The reaction to the release of the autopsy footage in 1995 caused a media storm, with the footage getting extensive airplay on TV multiple times, and in over 30 countries. I can remember it coming out, I was about 10 at the time, and I sat captivated in front of the television watching the footage, with mixed feelings of fear and fascination. I suspected at the back of my head that the footage may not be real, it may be staged and faked. But from my young perspective it did look authentic, and the handheld black and white aspect gave it a realism that did seem to lend it no small amount of credibility.

In 2006 Santilli admitted the film was a fake, and that he had based it upon footage of an alien autopsy he had supposedly seen first-hand some years before. He said that it was a faithful recreation of what he had seen, and that in fact a few frames of the original film had been inserted into the footage. He would not say which frames they were though.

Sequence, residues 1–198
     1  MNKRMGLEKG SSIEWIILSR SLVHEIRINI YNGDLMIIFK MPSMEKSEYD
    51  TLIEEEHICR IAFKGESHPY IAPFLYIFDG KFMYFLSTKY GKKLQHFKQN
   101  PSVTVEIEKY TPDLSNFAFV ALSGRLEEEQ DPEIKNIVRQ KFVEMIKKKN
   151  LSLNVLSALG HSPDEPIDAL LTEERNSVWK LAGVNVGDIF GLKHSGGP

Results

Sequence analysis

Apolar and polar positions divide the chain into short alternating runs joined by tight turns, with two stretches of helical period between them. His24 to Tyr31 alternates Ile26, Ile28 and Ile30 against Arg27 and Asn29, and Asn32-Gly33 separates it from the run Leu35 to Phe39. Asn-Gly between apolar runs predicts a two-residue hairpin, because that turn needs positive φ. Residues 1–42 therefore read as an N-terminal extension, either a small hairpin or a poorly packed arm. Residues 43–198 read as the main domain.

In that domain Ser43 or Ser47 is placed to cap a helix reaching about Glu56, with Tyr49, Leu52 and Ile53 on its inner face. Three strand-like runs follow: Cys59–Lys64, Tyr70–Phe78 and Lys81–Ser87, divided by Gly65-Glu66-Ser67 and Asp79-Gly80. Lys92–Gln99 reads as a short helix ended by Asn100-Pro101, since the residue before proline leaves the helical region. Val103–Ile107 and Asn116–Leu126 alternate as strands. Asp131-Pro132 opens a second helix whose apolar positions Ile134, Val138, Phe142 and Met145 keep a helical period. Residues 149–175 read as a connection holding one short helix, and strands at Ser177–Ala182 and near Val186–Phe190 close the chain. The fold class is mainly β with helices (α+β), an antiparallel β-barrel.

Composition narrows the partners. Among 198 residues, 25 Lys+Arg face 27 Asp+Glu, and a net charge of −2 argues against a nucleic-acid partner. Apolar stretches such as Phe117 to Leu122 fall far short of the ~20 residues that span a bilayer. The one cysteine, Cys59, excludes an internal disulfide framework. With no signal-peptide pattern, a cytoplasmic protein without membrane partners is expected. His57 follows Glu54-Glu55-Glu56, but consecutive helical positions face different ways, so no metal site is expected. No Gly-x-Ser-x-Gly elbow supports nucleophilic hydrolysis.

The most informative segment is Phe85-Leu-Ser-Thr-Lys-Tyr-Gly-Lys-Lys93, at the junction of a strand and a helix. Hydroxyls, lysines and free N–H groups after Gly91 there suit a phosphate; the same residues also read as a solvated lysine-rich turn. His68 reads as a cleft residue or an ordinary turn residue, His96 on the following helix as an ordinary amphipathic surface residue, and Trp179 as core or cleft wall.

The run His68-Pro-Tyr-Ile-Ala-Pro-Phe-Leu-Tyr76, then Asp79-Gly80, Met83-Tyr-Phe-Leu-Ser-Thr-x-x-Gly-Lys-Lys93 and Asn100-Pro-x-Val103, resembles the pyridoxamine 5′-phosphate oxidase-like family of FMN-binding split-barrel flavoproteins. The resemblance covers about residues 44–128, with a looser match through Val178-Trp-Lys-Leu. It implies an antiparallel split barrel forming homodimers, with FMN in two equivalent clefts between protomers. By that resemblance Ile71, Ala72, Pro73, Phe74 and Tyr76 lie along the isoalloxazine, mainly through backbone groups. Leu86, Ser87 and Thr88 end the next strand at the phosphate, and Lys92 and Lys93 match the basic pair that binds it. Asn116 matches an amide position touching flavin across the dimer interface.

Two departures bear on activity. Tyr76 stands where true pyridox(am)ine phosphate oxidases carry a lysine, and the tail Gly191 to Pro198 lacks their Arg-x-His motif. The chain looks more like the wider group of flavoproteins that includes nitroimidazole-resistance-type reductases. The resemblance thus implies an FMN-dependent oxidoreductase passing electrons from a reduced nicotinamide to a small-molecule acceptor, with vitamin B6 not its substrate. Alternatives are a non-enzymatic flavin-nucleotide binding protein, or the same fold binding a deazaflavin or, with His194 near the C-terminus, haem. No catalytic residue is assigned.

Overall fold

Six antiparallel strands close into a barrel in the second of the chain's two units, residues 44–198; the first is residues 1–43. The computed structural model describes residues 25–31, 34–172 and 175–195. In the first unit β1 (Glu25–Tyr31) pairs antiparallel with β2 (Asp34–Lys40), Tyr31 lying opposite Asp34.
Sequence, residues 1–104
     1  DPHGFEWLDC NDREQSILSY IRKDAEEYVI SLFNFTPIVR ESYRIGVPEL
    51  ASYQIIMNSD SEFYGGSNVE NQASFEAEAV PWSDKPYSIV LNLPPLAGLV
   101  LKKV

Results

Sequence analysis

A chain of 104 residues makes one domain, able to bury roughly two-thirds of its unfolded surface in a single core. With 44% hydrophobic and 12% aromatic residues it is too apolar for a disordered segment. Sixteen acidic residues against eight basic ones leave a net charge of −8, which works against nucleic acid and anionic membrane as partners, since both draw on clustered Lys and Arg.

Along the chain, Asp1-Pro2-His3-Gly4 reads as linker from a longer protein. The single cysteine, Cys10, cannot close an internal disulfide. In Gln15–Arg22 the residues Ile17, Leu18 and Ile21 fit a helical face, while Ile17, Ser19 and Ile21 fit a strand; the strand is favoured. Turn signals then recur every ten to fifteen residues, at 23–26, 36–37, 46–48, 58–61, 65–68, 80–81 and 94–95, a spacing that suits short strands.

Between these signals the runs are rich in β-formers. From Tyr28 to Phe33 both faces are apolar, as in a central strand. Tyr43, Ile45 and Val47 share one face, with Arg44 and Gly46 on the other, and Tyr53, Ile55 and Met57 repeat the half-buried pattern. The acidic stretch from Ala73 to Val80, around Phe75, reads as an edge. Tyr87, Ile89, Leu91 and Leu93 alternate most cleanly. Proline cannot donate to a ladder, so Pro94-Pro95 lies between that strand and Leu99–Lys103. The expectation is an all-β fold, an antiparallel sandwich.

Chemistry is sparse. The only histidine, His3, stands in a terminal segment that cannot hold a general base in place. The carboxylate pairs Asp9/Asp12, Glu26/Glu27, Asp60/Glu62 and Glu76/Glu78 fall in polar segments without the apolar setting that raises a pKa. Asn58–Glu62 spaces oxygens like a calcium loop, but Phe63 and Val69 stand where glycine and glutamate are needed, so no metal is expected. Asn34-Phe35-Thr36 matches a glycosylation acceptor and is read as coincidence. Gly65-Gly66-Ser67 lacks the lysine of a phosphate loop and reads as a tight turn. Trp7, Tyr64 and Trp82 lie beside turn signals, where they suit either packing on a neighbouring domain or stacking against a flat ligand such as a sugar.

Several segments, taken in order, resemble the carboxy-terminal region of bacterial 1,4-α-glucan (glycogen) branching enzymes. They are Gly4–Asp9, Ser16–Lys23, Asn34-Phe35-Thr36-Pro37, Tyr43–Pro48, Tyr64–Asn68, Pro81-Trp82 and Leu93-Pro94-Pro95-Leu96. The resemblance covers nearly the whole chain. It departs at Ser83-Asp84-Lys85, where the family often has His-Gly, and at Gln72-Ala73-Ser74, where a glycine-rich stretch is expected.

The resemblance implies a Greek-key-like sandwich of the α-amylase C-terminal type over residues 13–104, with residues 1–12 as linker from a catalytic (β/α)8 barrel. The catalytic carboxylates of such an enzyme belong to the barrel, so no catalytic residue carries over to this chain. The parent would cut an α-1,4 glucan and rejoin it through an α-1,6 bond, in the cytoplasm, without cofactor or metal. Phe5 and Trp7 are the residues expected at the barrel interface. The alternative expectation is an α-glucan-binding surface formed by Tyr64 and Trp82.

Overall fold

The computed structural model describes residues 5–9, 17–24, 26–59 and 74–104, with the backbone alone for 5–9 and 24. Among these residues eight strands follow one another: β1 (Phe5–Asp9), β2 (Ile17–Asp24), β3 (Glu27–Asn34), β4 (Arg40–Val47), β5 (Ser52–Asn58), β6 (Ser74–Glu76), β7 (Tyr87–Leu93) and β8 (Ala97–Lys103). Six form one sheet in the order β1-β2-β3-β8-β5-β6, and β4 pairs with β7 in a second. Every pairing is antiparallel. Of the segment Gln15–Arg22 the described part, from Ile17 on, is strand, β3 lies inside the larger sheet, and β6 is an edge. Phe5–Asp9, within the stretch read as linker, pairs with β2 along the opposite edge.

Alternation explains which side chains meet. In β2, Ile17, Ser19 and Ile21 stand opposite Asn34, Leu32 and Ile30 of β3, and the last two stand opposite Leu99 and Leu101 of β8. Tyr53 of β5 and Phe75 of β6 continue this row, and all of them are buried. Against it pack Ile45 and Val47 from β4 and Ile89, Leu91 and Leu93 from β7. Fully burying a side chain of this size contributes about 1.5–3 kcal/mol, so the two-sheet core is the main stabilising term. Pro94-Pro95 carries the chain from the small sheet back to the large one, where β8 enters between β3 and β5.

The official word on the incident at Roswell, is that the craft was a downed weather balloon. Reports shift from there being no bodies at all, to there being mannequins that resembled dead bodies. Regardless, the US denies the crash, and has refuted its legitimacy for over 60 years.

Perhaps most of the ‘witnesses’ are giving hoax accounts. Perhaps there was no crash, and the whole things was fabricated from a false press release issued in the first few hours after the wreckage of the ‘weather balloon’ was found in the desert.

We will never know. Most of the people alive at the time have since passed away, and the passage of time itself has muddied the waters and made the true facts of what happened all those years ago hard to determine. We can only surmise and guess at the truth.